During his three-year hiatus, Snyder remained involved with the university and is currently a member of the Missouri and Kansas Halls of Fame, the K-State and Austin College Athletics Halls of Fame while also being inducted into the Holiday Bowl Hall of Fame. The long-time mentor also is the chairman of the Kansas Mentors Council and the Kansas Leadership Council, a member of the board of directors for Kansas Leadership Center, the board of trustees for the Kansas Sports Hall of Fame, the KSU Leadership Studies Advancement Council, the Terry C. Johnson Cancer Research Center Advisory Council, the Manhattan Community Foundation Board of Trustees, the KSU Foundation Board of Trustees and is the honorary co-chairman of the Kansas Masonic Partnership for Life. Snyder, 71, received his bachelor's degree from William Jewell in 1963. He earned his master's degree from Eastern New Mexico in 1965. As a player, he was a three-year letterwinner as a defensive back at William Jewell. Snyder and his wife, Sharon, have two sons (Sean and Ross) and three daughters (Shannon, Meredith and Whitney). They also have eight grandchildren, Sydney, Katherine, Tate, Matthew, Alexis, Gavin, Kadin and Tylin, and one great-grandson, D.J.
Janet Siebert serves as president of the Kansas Leadership Forum, the statewide association of leadership development professionals and volunteers. She is employed as director of development for Safe Homes Inc.
Siebert lives near Arkansas City, Kan., with her husband, Alan, and their daughters. She served previously as Chamber of Commerce director in Arkansas City, Kan., and Great Bend, Kan., and was part of the original Kansas Community Leadership Initiative.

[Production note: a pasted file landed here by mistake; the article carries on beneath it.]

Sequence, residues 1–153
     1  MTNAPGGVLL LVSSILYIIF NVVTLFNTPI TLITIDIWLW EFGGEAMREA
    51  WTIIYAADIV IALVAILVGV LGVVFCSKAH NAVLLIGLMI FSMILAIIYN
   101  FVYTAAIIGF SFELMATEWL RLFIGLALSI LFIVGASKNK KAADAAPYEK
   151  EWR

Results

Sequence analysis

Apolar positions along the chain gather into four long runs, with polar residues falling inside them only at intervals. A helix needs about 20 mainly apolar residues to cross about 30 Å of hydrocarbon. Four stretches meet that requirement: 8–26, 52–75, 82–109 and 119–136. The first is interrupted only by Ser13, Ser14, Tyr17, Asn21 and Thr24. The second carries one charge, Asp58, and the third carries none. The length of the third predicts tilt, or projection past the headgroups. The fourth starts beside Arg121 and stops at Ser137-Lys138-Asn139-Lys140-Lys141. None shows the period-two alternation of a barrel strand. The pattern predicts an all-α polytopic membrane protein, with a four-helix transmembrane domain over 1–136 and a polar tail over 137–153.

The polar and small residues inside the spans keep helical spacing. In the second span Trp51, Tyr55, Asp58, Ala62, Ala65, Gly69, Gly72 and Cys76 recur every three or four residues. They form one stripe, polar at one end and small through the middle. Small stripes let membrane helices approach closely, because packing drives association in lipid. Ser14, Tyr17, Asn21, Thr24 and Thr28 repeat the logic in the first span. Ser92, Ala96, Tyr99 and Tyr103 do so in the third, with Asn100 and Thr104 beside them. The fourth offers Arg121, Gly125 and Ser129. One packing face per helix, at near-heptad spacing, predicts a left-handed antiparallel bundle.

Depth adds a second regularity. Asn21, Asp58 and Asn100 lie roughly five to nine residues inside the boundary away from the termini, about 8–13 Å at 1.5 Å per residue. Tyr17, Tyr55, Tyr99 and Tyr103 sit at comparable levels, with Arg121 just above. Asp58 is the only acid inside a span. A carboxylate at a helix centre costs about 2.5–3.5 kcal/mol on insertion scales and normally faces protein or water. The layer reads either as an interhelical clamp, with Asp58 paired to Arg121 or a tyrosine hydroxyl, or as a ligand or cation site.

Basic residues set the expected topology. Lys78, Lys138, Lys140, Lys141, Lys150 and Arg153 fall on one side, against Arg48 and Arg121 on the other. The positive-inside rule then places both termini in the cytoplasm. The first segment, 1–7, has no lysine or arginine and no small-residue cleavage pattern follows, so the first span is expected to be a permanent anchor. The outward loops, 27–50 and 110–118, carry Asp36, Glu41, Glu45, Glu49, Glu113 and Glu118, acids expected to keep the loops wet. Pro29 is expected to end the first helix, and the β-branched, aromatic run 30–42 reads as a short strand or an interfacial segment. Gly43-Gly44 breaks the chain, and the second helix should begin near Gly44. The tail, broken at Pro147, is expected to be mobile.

Col. William J. Clark
Col. William J. Clark enlisted in the United States Army in March 1984. Upon completing advanced individual training from the Defense Foreign Language Institute, Clark served the next four years with the 751st Military Intelligence Battalion in the Republic of Korea. In March 1990, Clark received his commission from Officer Candidate School at Fort Benning, Ga., which was followed by an assignment to Fort Knox, Kentucky, to complete the Armor Officer Basic Course and the Junior Officer Maintenance Course. In September 1990, Clark reported to the 1st Battalion, 34th Armor, 1st Infantry Division at Fort Riley, Kan. While assigned to the 1st Infantry Division, Clark served in numerous positions including tank platoon leader during the Persian Gulf War, Headquarters and Headquarters Company executive officer, Battalion S1, and commander of Headquarters and Headquarters Company, 1st Brigade.
In July 1995, Clark returned to Fort Knox to attend the Combined Maneuver Officer Advance Course. Upon graduation, he was assigned to U.S. Army Europe Headquarters in Heidelberg, Germany where he served as the assistant secretary of the General Staff until being reassigned to 3rd Brigade, 1st Infantry Division, in Vilseck, Germany. While a member of 3BDE, 1ID from December 1996 to July 1999, Clark served as the Brigade S1 during the “Iron” Brigade’s deployment to Bosnia-Herzegovina for Operation Joint Guard, the commander of Headquarters and Headquarters Company, 2-2 Infantry, and the S3 Air for 2-2 Infantry.